Designed to provide a thorough introduction to field botany, positive plant identification, wild-crafting ethics, and Sustainable harvesting and preservation techniques, this year, they will have an additional focus on wild edible plants.

 

 

 


#OTD Today in New Zealand, there is a one-day interactive workshop open to anyone interested in learning more about the concept of market gardening, creating one for personal food production, or setting one up as a business.

The workshop is sponsored by the Green Cauldron Farm and presented by a range of industry experts, including internationally renowned bio-intensive gardening educator and restoration grazing consultant Jodi Roebuck from Roebuck Farm.

This is a unique opportunity to hear and learn from industry leaders about how to start and operate a successful market garden, with the workshop conducted on the 105-acre Green Cauldron Farm, set in the beautiful Tyalgum ("Tal-gum") hills just one hour from the Gold Coast and nestled in the shadow of Mt Warning.

The brainchild of Katie and James Geralds, the farm was established as a research and development hub to realize their goal of innovative and sustainable use of harvests from around the region.

It already produces a range of fresh produce supplied to some of the best-known restaurants in South East Queensland and a range of pantry preserves highlighting Australian native ingredients.

 

 

 


Unearthed Words: May and the Poets by James Henry Leigh Hunt

A poem naming a handful of the poets to have written about Maytime

There is May in books forever;
May will part from Spenser never;
May’s in Milton, May’s in Prior,
May’s in Chaucer, Thomson, Dyer;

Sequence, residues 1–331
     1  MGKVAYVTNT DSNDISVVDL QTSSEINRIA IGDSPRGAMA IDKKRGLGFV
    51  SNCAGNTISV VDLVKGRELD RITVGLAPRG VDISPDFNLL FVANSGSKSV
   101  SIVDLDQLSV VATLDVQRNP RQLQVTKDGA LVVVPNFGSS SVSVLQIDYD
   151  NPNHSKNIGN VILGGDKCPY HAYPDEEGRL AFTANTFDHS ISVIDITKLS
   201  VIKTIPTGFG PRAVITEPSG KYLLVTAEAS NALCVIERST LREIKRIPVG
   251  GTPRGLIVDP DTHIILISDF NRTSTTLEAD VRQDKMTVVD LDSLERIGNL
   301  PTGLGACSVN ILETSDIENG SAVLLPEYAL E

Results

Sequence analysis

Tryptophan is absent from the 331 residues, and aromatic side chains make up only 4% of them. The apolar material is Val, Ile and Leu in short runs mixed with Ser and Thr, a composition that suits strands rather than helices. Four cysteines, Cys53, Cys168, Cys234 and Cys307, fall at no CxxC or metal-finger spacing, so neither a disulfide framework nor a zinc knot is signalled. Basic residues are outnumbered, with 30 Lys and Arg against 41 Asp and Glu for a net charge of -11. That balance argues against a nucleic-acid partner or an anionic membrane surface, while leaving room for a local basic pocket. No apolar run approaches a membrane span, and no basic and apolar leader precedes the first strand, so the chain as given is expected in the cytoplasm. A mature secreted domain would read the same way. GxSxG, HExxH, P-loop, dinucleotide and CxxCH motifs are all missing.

May’s in all the Italian books:—
She has old and modern nooks,
Where she sleeps with nymphs and elves,
In happy places, they call shelves,
And will rise and dress your rooms
With a drapery thick with blooms.
Come, ye rains, then if ye will,
May’s at home, and with me still;
But come rather, thou, good weather,
And find us in the fields together.

 

 

 


Today's book recommendation: “The Golden Circle” (1977) by Hal Borland

This is a book of writings for children, arranged by months of the year. I love these month-by-month books. The drawings in this book are outstanding.Mr. Borland won the John Burroughs Medal, considered the country's highest award for nature writing, in 1968. Two of his books, “Sundial of the Seasons” (1964) and “An American Year” (1973), are collections of his editorials. His other books include “A Place to Begin: The New England Experience” (1976).

 

 

 


Today's Garden Chore

It's another Photo Friday in the Garden.

Today take pictures of all the trees in your garden. Trees provide your garden with tremendous structure and a ceiling - making your space seem more intimate.

 

 


Something Sweet

Reviving the little botanic spark in your heart

After researching George Glenny, I came across his obituary, which appeared in Lloyd's weekly newspaper ten days after his passing.

It talked about how, for 25 years, Mr. Glenny's Garden article had faithfully appeared in the paper. In fact, he had sent his last column to the editor only a day or two before his death.

Glenny had titled his article "A Few Words For Myself." But, then, he must've had a change of heart because he had crossed that out. Whatever new title he thought would be better never made it onto the page. His readers, no doubt, were moved by his recollections - especially since they knew that Glenny was gone. Here's what he wrote about his life:

"Sixty-seven years ago I had a very fine collection of auriculas and of twenty rows of tulips, and visited several good amateur cultivators, from whom I received great encouragement and occasionally presents of flowers and plants.

I cultivated my stock at Hackney.

I was soon old enough to attend floral meetings, and there were plenty of them at Bethnal-green, Hoxton, Islington, Hackney, and other suburban localities.

And from observation of the doings of the most successful amateurs I had become a very successful grower of the auricula, the tulip, ranunculus, polyanthus, and other florists' flowers.

I had learned something from everybody and took many prizes.

I then, at the earnest request of some real friends of floriculture, wrote treatises upon all the flowers I had cultivated, and they were all founded on my own practice."

 

 


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and remember:
"For a happy, healthy life, garden every day."